Online Edition: Winter 2010/2011

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 Notwithstanding

 Louis de Bernières

 Vintage U.K.

  by John Cox

In two of the most touching scenes in this collection of connected stories, women cavort fantastically with their long-dead lovers in a hopeful reminder of the power of memory amidst inevitable change. These two scenes bookend Louis de Bernières’s Notwithstanding: Stories from an English Village, and capture something of the relationship of the author to the life he seeks to portray: not completely gone, but in need of significant acts of imagination to be lovingly reconstructed and memorialized. The first of the scenes, near the beginning of the book, features Mrs. Mac, who is mysteriously accompanied by her deceased husband Joseph to the cemetery to tend his grave. This vignette has some overlapping characters and places with that of the elderly Miss Amanda Feakes, who, close to death, dances to big band tunes with the suave Lieutenant Alec Montrose who had not, alas, survived the Second World War. This is sorrow more potent somehow than that in the rest of the book, but nonetheless one of the chief sensations throughout is that time is winding down, inexplicably, unseen, as the various characters age. But de Bernières carefully balances the woes and the pensiveness of his characters with the joys of good music, companionship, loyal pets and love.

From a historian's perspective, the book is above all the swan song of a rural place faced with ineluctable change. The change does not have so much to do with the structural changes facing Britain as a whole—immigration, financial and industrial globalization, the atrophy of political parties, relations with the rest of Europe—as it does with the disappearance of native youth into the cities and the growing presence of newly settled urbanites, leaving the older stratum of the village population to enjoy retirement, sell things to one another, throw dinner parties, commute to work, preach old sermons, clip the hedges, remembers joys and tribulations past, and maintain the golf greens. In another, smaller way, the book's characters, in the rich silt of both their memories and their possessions, allow us a look into the century's experiences of empire and war; there is a lot of memorabilia and a lot of patriotism, though not as much residue from the defining traits of Englishness (tea, anyone?) or of capitalism (ads and jingles and boxes) as one might expect. Still, the emotional impact of the book is greater than its historicity. De Bernières transports us into a world of the muted and familiar, where there are limits both to pain and to color.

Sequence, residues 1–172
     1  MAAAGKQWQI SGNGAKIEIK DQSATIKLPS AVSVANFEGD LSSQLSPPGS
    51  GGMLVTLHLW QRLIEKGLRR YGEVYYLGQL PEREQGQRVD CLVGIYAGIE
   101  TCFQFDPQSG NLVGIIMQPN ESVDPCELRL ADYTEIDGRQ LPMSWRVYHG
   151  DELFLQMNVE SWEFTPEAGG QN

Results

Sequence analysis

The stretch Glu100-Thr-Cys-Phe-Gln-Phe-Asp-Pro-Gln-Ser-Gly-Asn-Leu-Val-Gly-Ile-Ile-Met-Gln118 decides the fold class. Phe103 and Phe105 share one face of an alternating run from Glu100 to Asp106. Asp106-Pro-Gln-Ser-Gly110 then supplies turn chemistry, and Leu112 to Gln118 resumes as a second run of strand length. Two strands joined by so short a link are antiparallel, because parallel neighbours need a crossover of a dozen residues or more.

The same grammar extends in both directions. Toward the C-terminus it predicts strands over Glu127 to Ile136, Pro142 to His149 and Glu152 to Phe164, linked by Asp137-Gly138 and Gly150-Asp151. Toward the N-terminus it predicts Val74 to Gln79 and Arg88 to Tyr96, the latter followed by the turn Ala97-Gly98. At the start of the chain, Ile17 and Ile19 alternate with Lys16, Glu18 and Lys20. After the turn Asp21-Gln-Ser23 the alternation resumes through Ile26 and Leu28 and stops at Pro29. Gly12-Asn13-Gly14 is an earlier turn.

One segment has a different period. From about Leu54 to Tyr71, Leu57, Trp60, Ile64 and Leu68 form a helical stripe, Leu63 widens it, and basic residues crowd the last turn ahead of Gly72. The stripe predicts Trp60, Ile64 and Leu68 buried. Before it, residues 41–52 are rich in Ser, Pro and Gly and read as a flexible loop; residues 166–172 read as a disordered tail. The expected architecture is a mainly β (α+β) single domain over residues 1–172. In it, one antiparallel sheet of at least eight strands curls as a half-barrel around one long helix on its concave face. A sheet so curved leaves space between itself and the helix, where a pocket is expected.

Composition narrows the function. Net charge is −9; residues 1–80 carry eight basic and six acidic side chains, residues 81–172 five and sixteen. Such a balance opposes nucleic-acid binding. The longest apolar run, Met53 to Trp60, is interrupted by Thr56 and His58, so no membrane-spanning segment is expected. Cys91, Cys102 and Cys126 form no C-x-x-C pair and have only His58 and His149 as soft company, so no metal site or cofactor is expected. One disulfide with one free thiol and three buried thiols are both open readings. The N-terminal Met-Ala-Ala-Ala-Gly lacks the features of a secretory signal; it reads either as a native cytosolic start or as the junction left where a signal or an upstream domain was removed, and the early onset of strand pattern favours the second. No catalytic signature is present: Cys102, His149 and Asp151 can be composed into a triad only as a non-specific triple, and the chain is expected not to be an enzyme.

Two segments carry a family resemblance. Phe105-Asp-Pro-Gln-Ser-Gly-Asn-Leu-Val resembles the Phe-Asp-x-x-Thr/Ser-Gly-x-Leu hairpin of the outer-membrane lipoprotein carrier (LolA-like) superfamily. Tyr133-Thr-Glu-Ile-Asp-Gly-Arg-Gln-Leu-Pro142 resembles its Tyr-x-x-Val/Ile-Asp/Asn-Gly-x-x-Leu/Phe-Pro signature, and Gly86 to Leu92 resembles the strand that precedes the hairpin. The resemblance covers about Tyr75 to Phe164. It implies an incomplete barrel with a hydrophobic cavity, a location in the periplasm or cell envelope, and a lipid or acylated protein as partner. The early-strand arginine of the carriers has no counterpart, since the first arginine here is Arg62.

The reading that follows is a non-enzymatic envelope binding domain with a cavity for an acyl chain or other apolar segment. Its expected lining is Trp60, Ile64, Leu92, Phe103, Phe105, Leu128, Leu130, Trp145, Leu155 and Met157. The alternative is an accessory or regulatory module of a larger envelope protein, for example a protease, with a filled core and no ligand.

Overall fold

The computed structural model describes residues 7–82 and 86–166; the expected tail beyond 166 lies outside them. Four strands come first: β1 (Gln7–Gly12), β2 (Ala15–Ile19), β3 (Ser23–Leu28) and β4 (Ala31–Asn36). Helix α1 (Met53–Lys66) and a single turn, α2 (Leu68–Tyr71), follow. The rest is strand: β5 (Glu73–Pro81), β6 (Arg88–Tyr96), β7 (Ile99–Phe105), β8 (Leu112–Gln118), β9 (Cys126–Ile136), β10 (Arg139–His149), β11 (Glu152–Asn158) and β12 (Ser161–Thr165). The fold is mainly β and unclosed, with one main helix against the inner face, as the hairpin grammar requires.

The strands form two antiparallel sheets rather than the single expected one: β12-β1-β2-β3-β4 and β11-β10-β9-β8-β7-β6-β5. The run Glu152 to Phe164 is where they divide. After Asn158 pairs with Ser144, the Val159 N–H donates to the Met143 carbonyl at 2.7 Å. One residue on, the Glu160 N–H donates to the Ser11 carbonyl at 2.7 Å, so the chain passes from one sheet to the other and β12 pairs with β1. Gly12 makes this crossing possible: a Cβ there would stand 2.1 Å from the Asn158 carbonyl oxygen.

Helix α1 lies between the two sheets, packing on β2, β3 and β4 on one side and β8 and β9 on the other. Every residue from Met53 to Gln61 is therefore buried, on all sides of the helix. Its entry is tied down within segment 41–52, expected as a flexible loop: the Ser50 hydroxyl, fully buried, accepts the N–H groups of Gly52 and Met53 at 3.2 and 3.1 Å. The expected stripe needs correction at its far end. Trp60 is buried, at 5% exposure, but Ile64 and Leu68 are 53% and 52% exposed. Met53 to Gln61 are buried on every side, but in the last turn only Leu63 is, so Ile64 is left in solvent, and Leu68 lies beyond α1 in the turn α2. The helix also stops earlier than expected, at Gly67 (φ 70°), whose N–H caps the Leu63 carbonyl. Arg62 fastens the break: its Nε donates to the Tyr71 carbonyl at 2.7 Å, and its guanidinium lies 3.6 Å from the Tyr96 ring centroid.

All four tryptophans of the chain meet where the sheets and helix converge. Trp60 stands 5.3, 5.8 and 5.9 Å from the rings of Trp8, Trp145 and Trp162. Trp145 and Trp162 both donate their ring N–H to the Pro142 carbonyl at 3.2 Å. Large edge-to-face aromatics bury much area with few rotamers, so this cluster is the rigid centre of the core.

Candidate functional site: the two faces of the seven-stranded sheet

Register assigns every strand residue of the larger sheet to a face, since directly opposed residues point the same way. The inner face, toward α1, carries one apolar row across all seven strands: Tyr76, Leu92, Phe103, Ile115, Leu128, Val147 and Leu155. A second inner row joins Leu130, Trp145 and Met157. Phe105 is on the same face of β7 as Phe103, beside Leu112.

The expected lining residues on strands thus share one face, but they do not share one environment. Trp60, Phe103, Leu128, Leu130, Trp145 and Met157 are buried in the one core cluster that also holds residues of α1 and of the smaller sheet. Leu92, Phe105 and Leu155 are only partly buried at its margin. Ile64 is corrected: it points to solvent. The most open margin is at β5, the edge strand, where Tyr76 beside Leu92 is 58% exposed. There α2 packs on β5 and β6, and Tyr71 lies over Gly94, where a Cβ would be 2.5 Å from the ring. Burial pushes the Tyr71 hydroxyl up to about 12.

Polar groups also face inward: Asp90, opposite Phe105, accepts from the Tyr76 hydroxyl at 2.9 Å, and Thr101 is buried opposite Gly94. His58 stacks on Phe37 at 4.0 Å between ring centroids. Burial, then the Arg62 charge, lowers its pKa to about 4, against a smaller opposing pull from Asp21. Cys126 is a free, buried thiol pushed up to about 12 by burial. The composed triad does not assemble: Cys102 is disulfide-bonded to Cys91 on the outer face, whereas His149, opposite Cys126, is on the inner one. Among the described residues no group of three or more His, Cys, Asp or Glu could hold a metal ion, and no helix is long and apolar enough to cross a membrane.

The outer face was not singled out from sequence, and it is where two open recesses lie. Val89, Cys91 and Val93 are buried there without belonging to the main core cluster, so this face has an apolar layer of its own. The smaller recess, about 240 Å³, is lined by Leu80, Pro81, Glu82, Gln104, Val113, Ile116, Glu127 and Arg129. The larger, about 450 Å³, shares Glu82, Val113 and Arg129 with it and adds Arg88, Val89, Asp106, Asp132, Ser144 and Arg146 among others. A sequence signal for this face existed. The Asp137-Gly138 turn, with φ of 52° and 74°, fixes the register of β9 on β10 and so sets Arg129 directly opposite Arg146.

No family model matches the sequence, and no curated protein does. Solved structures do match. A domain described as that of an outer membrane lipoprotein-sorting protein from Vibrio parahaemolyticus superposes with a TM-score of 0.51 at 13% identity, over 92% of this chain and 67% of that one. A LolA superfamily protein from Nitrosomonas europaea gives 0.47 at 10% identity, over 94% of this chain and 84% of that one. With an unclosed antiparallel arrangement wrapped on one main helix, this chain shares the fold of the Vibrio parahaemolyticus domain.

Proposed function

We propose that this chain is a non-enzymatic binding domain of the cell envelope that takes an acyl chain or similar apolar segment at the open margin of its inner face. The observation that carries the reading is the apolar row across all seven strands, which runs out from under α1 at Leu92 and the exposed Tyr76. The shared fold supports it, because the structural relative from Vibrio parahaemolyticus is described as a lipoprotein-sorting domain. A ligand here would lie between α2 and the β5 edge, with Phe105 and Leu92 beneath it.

Among the characters we get to know a bit in various stories are a naked general, a communion-obsessed baronet; fussy, naïve priests; lots and lots of pets; whacked-out spinsters with “stupefying halitosis” who own lots and lots of pets and houses; the “malodorous” last peasant of the district, good old Obadiah Oak; people who confide in spiders instead of their friends; and smart university-bound teenagers. We learn of a Maltese turtle dove holocaust, the cruelty of human-spread myxomatosis, the romantic and the brutal sides of war, a mysterious case of food poisoning, the silliness of socialism, and deaths lyrical and tragic—an elderly gentleman dies laughing in a circle of friends but a beautiful generous women dies suddenly of cancer before she's forty. That so many women in the book are in the grips of “the menopause” can only be emblematic of the stage of evolution of the village as a whole. A number of the stories are memorable because of their poignancy, and several are quite funny; perhaps most illuminating are the three “Auspicious Meeting” tales in which an unlikely band of merry musicians finds each other and connects to something bigger than the village.

De Bernières, one of the great novelists working in English today, has delivered a volume that is altogether more satisfying than his last effort, The Partisan’s Daughter. Still, this is very different literature from his Latin American trilogy or his Balkan-Turkish works. This substantial volume of interrelated pieces, over half of which had been published elsewhere but which have been competently fleshed out and fused together with new tales, consists of, if you will, miniatures. Reading this book is like listening to Schumann—it’s a good thing, it’s a great thing, but it’s not the Shostakovich or Beethoven we were listening to a decade ago. We too can learn to love this sprawling English village and its rambunctious cast of characters, although we will also come away with the feeling that this old England, like its Church, "was not an extemporising institution." And, ultimately, if we know what to look and listen for, we may agree that “it looks so magical, like something out of a Salvador Dali picture, all those branches growing into each other" in this crazy country and countryside, where so many people knew each other's names.


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